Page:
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About Phillip Whiteman, Jr.

Phillip Whiteman, Jr., a Nationally-known Cultural Consultant, Presenter, Storyteller, Horse-trainer, Champion Grass Dancer, and Rodeo Saddle Bronc Champion is a Northern Cheyenne from Lame Deer, Montana. His father a Chief of the Northern Cheyenne Council of 44 and his mother the late Florence Whiteman was a Cheyenne Warrior Woman of the Elk Scraper Society. Phillip belongs to the Kit Fox Warrior Society and Omaha Dancing Society. He believes strongly in his spiritual ways and he tries to incorporate it into every aspect of his life.

Phillip's personal and professional objective is to promote cultural integrity throughout Indian country and the world.


Phillip's reputation as a Cultural Consultant and Presenter has grown rapidly. His presentations include traditional story-telling and songs that share a powerful and inspirational message of hope. Recently, Phillip has released his first CD "Spirit Seeker" - Stories and Songs for the Spirit, which has received National attention.

Phillip has been a familiar face in the powwow arena and "winners circle" since he was a small boy. He dances the "Old Style" grass dance. His dancing career has taken him from the powwow arena, to the Broadway stage in New York City, Wild West Shows, President Clinton and Senator Campbell's Inaugurations, and countries throughout Europe.

He is a 2-time Indian World Champion Saddle bronc rider and 22-times Indian National Finals Qualifier. He is a member of the Professional Rodeo Cowboys Association (PRCA). Most notable was his selection to represent Pro Rodeo on a European Tour. As a Horseman, Phillip founded the Phillip Whiteman, Jr., "Medicine Wheel Model to Natural Horsemanship", a Native American Approach to working with and training horses. He uses a cultural concept to address the dimensions of the horse and how it can help us in all areas; emotionally, spiritually, physically and mentally.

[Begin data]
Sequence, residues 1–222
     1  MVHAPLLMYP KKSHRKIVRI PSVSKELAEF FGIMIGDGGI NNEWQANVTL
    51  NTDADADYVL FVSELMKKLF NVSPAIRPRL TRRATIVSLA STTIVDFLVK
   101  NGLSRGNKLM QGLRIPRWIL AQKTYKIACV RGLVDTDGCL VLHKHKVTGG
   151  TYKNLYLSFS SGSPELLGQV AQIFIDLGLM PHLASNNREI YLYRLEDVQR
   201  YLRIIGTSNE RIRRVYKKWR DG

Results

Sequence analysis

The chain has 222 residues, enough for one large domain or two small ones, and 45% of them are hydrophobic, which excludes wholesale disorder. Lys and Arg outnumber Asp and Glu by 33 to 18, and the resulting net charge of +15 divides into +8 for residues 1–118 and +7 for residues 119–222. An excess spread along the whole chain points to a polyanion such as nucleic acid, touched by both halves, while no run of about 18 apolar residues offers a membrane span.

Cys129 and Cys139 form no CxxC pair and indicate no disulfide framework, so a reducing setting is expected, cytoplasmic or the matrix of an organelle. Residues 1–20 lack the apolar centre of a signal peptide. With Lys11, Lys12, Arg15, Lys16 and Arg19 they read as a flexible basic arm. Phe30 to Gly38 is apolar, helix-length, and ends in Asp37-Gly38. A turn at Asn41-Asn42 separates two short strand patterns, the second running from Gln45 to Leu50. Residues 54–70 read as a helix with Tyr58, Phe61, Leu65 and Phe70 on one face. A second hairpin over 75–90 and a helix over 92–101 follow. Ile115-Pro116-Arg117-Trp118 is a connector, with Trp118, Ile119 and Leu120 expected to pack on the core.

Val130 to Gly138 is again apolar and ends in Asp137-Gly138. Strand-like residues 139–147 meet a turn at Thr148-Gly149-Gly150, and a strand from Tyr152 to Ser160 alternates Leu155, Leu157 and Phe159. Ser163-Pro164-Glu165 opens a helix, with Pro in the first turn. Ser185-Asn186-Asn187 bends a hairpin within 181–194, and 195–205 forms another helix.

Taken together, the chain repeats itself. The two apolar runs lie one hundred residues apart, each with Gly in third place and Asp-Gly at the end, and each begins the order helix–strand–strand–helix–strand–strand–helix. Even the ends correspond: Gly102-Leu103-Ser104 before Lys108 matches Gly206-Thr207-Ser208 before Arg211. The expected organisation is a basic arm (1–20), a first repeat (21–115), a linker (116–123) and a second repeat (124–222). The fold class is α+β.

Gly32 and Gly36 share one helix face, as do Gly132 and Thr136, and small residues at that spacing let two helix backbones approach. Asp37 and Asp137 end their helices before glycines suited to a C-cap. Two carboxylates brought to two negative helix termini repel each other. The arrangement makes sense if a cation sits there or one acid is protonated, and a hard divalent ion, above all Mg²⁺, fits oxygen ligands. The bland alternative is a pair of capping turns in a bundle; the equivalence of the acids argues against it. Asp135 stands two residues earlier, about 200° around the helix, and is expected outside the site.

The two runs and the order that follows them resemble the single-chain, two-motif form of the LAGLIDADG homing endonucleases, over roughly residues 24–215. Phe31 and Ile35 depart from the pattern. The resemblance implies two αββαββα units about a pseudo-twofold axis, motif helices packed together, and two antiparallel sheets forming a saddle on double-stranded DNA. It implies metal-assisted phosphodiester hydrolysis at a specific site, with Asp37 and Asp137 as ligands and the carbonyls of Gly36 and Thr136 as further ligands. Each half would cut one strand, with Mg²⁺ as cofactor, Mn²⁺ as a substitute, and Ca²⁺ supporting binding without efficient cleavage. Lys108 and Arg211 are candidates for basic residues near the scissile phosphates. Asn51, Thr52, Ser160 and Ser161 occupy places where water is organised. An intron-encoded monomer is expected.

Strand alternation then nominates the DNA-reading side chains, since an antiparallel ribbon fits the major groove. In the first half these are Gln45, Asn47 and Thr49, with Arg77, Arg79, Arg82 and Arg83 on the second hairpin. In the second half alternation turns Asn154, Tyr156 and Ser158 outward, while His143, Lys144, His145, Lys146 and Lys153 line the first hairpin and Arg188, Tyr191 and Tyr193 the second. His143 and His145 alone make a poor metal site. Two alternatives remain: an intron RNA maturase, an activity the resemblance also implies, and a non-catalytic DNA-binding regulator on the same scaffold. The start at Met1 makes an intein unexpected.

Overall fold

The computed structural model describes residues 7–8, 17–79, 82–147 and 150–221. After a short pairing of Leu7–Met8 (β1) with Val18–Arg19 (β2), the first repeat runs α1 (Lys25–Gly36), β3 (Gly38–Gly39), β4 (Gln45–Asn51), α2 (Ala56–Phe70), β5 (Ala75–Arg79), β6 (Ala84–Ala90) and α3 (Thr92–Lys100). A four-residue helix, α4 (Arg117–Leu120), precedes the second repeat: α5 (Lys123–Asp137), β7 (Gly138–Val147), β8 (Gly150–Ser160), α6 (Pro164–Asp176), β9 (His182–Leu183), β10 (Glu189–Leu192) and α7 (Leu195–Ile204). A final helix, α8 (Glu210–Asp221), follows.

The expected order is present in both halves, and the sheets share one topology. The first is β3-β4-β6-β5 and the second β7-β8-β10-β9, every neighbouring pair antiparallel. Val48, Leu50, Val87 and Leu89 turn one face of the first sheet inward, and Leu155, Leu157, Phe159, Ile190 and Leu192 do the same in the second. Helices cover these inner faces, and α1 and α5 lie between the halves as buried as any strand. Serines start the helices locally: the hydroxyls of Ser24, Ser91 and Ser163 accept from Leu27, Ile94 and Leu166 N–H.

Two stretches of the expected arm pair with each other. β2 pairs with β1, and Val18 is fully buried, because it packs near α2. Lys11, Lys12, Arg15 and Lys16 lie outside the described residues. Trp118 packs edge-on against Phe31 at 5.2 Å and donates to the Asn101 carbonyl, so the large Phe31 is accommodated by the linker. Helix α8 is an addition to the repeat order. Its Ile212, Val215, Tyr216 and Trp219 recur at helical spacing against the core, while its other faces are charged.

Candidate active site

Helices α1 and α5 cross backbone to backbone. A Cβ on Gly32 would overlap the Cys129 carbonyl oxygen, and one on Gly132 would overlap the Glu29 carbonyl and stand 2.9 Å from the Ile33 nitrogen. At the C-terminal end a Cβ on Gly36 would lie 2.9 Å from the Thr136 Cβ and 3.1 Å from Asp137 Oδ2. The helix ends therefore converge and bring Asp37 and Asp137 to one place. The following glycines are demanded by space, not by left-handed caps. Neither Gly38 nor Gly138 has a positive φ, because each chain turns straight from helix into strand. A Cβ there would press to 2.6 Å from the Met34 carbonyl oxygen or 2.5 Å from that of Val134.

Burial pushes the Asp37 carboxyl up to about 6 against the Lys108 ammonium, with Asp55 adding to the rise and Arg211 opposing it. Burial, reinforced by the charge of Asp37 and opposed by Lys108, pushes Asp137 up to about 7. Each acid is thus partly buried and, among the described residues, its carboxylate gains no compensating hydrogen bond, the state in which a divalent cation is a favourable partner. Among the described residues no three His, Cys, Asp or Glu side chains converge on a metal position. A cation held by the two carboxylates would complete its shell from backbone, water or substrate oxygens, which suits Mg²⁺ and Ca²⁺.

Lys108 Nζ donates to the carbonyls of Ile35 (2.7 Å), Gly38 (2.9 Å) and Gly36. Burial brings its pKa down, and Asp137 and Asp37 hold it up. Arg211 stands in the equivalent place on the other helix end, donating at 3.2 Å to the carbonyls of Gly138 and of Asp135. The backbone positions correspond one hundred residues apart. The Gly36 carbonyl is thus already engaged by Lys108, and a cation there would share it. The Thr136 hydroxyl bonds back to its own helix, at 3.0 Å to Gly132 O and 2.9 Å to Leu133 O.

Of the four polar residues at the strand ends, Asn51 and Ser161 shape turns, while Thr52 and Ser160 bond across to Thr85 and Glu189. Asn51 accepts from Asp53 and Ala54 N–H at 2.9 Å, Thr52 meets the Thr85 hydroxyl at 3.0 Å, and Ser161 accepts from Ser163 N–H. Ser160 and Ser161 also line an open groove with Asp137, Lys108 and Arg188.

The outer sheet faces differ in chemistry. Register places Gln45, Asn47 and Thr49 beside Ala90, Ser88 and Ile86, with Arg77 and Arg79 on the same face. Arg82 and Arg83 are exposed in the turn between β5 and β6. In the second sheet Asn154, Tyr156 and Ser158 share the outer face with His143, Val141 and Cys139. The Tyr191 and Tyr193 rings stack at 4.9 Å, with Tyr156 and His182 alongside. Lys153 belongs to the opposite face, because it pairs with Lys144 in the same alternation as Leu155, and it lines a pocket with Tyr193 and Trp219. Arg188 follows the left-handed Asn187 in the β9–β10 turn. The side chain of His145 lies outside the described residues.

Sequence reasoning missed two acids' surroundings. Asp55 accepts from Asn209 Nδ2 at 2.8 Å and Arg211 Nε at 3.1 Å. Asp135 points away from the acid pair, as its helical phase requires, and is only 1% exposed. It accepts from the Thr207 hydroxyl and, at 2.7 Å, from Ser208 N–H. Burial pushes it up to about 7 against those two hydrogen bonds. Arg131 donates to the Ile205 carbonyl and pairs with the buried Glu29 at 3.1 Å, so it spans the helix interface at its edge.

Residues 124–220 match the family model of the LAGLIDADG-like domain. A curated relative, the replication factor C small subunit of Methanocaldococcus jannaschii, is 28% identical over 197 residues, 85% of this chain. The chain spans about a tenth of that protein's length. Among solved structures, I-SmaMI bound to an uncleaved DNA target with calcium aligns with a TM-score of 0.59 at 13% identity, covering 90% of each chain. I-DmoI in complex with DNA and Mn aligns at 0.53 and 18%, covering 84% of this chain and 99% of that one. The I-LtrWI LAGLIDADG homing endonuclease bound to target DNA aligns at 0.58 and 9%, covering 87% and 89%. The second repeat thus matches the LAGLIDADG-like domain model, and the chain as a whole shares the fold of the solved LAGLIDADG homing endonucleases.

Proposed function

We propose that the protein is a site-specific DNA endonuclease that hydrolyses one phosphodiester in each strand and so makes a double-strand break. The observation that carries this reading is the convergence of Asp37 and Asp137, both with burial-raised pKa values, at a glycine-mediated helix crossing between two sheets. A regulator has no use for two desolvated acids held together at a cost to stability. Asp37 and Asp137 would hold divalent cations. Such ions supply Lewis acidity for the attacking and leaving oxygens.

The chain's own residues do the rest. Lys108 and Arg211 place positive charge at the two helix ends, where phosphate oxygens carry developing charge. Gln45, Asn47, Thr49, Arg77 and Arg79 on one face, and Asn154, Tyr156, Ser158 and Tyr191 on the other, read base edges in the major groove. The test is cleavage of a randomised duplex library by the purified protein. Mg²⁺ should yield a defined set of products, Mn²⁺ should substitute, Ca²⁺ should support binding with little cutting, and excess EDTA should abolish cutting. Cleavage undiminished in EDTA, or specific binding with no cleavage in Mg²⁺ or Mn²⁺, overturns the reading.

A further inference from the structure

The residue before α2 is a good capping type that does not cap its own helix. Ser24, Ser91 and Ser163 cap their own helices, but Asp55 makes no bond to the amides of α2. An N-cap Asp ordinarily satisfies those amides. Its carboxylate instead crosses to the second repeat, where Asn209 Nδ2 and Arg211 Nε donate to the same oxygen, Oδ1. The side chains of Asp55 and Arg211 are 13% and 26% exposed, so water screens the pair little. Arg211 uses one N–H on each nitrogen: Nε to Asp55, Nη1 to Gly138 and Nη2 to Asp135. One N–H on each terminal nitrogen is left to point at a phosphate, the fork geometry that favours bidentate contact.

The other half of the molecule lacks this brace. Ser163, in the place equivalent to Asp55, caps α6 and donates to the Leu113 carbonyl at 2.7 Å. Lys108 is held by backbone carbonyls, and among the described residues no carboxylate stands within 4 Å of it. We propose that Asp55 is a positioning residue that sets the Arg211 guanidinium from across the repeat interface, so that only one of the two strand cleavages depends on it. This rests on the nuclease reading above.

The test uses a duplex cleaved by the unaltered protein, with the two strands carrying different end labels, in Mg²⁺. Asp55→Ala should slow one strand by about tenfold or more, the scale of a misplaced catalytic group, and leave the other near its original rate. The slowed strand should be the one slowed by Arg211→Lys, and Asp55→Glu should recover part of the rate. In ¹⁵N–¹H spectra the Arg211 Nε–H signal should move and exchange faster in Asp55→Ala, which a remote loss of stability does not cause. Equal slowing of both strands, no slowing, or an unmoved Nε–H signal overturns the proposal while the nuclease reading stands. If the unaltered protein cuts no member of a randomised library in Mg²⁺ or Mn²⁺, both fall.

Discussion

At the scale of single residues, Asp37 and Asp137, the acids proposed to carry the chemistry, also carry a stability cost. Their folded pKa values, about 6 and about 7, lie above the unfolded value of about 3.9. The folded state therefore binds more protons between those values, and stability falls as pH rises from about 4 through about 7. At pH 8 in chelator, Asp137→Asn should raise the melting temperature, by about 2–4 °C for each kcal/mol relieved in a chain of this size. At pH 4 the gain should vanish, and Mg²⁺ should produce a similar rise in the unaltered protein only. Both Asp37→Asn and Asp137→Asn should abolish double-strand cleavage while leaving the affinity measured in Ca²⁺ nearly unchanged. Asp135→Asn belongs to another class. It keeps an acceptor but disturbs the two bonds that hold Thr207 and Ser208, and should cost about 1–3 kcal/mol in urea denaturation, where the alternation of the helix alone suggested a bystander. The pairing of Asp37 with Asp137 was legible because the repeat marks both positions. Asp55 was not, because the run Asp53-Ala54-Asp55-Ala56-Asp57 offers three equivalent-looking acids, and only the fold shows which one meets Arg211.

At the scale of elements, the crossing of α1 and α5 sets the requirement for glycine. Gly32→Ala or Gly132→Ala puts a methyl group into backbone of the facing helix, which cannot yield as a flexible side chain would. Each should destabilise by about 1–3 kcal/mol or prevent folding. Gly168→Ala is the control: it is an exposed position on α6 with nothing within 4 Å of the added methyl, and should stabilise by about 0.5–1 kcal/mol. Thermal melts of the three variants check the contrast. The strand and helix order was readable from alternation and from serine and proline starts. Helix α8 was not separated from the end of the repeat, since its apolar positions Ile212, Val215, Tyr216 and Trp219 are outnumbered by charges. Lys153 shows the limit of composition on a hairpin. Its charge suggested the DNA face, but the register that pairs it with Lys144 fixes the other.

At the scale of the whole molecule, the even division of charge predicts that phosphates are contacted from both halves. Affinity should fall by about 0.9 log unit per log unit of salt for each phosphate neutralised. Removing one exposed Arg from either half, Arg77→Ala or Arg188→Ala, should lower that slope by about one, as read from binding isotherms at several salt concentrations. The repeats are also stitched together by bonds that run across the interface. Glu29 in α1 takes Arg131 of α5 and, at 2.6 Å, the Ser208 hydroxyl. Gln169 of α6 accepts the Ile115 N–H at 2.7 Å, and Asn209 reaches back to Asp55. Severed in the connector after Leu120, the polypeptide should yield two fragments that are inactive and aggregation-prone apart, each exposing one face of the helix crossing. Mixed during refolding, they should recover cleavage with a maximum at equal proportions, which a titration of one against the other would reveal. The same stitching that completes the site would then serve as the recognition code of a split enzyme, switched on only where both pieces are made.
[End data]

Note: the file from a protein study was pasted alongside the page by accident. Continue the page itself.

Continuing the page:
Phillip has been featured in the Western Horseman Magazine, Pro Rodeo Sports News, Billings Gazette, and many other newspapers. He has been featured on ABC's Primetime Live with Diane Sawyer and interviewed for "On the Road Again" Radio Show and National Native News. He was inducted into the All Indian Hall of Fame in Anadarko, OK and featured in the Canadian Museum of Civilization in Quebec, Canada. Most recently, Phillip was selected as a recipient of the First Peoples Fund, Cultural Capital Fellowship which promotes creative
community-centered artists; and nurtures the collective spirit that allows them to sustain their people.

About the Family

Phillip lives with his companion, who is also his Business Manager, Lynette Two Bulls, and their three daughters, Kyla, Florence, and Nellie in Lame Deer, Montana on the land that has been in his family for generations.


Lynette, Oglala Lakota  has a background in business and has worked for Indian Country Today, the nations largest Native Newspaper, and as a Financial Consultant for some of the Nations leading investment firms. She brings her business knowledge along with Phillip's vast knowledge and experience to work together to build their business.

Phillips father Phillip Whiteman, Sr. is not only one of the Northern Cheyenne Chiefs of the Council of 44 , but is also the Drum-keeper for the Chief Society. He is known for his singing ability and has composed traditional Cheyenne Spiritual Songs, Native American Church Songs, and Pow Wow Songs, many of his songs have been recorded. He is a horseman, and especially loves horses bred for speed.

The late Florence Whiteman carried an important role among her people. She was the last Warrior Woman of the Elk Scraper Society to go through the original ceremonies. She also has the distinction of being the last Cheyenne woman to be married for a bride price of 4 horses, in a traditional ceremony in which she did not meet her husband until the ceremony, at the age of 14. Florence was featured on the History Channels "Little Bighorn, the Untold Story" in which she shared her grandfather's account of the Battle of the Little Bighorn.

Lynette was raised by her grandparents Matthew (now deceased) and Nellie Two Bulls, Oglala Lakota of Pine Ridge South Dakota. Both were teachers of the language, culture and songs of their people. They have received numerous awards for their many accomplishments along with receiving Honorary Doctorate Degrees. Nellie comes from Chief Young Man Afraid of His Horse who was a Chief of peace who loved his people.

Because of their commitment to carrying on the legacy of their parents and grandparents Phillip and Lynette named their daughters Florence and Nellie after their grandmothers.


Copyright 2006 Phillip Whiteman Jr. All Rights in all Media Reserved.